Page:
Sunday, June 24, 2012
Graham: Week Two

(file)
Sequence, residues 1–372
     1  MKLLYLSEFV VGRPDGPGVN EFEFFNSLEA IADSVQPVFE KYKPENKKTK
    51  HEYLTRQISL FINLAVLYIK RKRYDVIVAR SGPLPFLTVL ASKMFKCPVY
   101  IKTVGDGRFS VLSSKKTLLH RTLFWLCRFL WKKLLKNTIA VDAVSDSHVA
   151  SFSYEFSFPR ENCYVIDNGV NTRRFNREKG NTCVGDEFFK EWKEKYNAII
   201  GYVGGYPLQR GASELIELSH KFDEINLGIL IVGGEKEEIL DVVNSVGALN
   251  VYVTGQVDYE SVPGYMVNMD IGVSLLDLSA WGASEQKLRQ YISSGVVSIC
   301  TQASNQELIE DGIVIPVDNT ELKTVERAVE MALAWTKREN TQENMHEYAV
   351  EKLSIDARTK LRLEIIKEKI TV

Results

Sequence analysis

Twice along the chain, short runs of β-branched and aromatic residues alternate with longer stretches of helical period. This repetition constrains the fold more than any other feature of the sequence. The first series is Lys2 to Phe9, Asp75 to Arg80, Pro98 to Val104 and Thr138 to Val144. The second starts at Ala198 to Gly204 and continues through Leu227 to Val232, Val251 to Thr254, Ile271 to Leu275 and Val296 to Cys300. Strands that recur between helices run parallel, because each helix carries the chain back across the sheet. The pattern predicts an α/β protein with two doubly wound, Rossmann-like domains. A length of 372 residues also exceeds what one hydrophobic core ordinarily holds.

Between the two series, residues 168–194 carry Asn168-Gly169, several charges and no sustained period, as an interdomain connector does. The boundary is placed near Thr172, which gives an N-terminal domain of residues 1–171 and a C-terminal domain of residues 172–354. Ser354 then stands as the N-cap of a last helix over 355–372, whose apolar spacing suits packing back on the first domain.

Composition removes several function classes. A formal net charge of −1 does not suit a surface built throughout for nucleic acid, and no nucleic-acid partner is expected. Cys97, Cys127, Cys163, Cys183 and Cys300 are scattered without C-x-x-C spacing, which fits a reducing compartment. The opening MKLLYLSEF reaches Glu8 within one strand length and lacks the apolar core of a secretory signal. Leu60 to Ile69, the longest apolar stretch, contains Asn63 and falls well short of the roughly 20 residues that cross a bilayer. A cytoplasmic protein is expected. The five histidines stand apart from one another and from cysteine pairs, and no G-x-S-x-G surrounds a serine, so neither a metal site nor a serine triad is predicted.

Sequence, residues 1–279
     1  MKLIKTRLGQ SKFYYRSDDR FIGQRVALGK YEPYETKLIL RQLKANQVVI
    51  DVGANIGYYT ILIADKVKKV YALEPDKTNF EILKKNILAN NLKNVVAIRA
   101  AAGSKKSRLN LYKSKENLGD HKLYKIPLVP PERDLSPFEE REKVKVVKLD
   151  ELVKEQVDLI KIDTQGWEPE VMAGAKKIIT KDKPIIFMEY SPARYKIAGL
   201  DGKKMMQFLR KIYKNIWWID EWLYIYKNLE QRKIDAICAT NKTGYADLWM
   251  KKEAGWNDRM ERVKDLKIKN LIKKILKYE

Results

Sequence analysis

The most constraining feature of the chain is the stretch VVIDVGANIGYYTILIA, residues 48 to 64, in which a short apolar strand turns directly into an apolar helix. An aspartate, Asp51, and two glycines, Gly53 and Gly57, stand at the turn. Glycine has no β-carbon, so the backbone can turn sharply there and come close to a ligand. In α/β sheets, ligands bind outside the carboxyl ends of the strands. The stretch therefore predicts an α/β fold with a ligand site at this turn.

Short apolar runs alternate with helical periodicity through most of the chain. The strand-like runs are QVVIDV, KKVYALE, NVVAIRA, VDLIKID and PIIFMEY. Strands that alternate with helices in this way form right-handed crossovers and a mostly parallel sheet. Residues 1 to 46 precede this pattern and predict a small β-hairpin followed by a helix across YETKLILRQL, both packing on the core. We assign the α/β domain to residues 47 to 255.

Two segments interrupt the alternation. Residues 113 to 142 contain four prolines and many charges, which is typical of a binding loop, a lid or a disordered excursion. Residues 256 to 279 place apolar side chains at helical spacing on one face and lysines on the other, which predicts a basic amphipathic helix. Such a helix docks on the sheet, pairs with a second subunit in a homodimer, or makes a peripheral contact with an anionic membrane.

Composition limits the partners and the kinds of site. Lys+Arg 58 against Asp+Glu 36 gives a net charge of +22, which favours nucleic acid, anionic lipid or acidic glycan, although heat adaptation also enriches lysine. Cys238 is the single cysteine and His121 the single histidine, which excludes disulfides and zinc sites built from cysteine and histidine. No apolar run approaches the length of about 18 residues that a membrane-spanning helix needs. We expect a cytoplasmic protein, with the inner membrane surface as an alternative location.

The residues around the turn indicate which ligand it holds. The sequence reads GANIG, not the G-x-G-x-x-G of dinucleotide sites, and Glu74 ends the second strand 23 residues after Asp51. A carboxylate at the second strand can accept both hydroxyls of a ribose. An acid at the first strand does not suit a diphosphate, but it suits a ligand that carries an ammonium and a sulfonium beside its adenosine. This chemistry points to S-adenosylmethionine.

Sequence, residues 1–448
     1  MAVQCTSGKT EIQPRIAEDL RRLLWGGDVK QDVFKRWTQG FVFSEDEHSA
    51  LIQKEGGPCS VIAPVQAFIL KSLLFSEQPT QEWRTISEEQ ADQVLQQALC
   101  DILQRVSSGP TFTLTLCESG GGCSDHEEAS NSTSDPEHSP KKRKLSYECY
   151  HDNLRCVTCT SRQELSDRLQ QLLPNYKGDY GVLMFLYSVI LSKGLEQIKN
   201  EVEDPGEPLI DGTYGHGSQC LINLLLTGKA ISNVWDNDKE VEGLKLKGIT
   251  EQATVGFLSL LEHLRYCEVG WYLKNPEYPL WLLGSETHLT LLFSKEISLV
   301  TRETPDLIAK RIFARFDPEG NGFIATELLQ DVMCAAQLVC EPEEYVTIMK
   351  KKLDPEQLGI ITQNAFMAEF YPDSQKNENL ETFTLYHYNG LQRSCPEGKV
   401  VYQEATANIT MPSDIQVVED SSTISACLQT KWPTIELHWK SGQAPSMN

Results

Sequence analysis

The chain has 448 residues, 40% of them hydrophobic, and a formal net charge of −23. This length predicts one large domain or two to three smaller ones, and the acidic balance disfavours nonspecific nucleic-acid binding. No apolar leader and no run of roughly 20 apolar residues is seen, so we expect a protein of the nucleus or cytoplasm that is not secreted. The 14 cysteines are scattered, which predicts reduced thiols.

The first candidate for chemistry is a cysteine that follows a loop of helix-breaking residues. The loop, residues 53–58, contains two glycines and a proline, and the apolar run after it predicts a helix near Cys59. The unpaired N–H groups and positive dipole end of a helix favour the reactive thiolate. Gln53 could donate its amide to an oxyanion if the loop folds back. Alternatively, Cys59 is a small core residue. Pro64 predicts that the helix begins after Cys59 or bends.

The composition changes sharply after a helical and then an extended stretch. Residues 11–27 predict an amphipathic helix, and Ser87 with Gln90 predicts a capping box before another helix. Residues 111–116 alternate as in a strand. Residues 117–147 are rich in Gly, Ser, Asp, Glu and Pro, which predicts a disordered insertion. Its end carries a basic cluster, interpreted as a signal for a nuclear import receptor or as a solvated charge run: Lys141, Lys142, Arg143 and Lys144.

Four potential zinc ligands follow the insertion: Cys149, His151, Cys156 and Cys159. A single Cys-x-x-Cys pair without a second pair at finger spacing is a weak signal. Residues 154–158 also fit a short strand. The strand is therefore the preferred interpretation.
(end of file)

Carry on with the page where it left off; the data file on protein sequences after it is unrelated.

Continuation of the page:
The second week of the BLC Field School gave each team a chance to interview the different residence of Thurston Woods in hopes of finding a direction for our documentary. A number of wonderful representatives of the neighborhood shared their stories of life inside the diverse community. Throughout the week my team and I scheduled and then conducted a number of interviews with some of the local residence as well as with a biologist from Havenwoods State park. These interviews provided us with an incredible amount of information about the transformation of the neighborhood from a post WWII housing development into a diverse Milwaukee community. These residence proved to be very accommodating of us and our efforts to create a documentary to feature their stories. With the oral histories alone this week would have been a success but what we didn’t anticipate on was really what made the week so valuable. Throughout our neighborhood exploration from one home to the next my team and I met a Berryland apartment complex maintenance worker out on his lunch break. He was curious as to who we were and the scope of our project. After a quick explanation his curiosity shifted toward help mode and he provided us with an opportunity to look inside one of the empty nearby apartment units. Inside the apartment we could see the material evidence for the changes to the property over time. The original hardwood floor were still present and I was really happy to see that they had been maintained wonderfully. The basement of the apartment was the most telling evidence for change over time. The once present coal storage container had been removed but the coal shoot remained. The above head hardwood flooring had been retrofitted with new steel beams and the windows that once decorated the tops of the north and south walls had been filled with CMU blocks. I thought this to be a wonderful example of how the space had taken on a new meaning by a new generation. The space had at one time been a workshop for the returning WWII veterans but now serves as a storage facility for newcomers to the neighborhood. In addition to this we were shown the original 1949 blueprints of the facility as well as a number of plans for changes within the apartment complex that occurred in the early 1980s. The documents that were shown to us were the most important findings for our team this week and should provide us with ample amount of information to move forward with our story of Thurston Woods.